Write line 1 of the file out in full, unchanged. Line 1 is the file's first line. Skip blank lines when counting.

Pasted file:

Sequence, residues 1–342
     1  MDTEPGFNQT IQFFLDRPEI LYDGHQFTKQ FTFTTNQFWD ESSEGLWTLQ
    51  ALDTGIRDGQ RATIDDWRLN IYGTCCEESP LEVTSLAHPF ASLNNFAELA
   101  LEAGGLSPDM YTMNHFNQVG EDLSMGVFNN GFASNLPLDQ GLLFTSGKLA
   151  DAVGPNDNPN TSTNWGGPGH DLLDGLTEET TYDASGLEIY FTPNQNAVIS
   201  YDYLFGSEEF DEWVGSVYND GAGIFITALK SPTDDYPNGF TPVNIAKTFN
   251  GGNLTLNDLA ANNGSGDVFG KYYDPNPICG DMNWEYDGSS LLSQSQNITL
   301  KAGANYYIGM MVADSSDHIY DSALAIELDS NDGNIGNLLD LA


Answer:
Sequence, residues 1–342